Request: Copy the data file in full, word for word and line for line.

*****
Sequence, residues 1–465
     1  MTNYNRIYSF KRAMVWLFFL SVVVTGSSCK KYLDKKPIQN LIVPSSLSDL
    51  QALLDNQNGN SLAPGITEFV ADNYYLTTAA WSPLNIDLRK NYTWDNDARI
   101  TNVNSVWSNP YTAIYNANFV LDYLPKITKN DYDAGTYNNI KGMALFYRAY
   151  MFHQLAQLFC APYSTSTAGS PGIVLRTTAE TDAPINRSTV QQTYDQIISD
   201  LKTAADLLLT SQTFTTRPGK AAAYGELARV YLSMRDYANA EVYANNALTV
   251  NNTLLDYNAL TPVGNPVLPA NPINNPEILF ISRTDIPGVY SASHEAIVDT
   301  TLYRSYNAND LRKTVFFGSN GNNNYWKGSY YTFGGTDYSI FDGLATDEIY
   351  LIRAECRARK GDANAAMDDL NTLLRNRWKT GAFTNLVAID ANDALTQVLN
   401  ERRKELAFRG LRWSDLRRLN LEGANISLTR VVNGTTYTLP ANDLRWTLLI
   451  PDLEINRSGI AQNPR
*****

Sequence, residues 1–465
     1  MTNYNRIYSF KRAMVWLFFL SVVVTGSSCK KYLDKKPIQN LIVPSSLSDL
    51  QALLDNQNGN SLAPGITEFV ADNYYLTTAA WSPLNIDLRK NYTWDNDARI
   101  TNVNSVWSNP YTAIYNANFV LDYLPKITKN DYDAGTYNNI KGMALFYRAY
   151  MFHQLAQLFC APYSTSTAGS PGIVLRTTAE TDAPINRSTV QQTYDQIISD
   201  LKTAADLLLT SQTFTTRPGK AAAYGELARV YLSMRDYANA EVYANNALTV
   251  NNTLLDYNAL TPVGNPVLPA NPINNPEILF ISRTDIPGVY SASHEAIVDT
   301  TLYRSYNAND LRKTVFFGSN GNNNYWKGSY YTFGGTDYSI FDGLATDEIY
   351  LIRAECRARK GDANAAMDDL NTLLRNRWKT GAFTNLVAID ANDALTQVLN
   401  ERRKELAFRG LRWSDLRRLN LEGANISLTR VVNGTTYTLP ANDLRWTLLI
   451  PDLEINRSGI AQNPR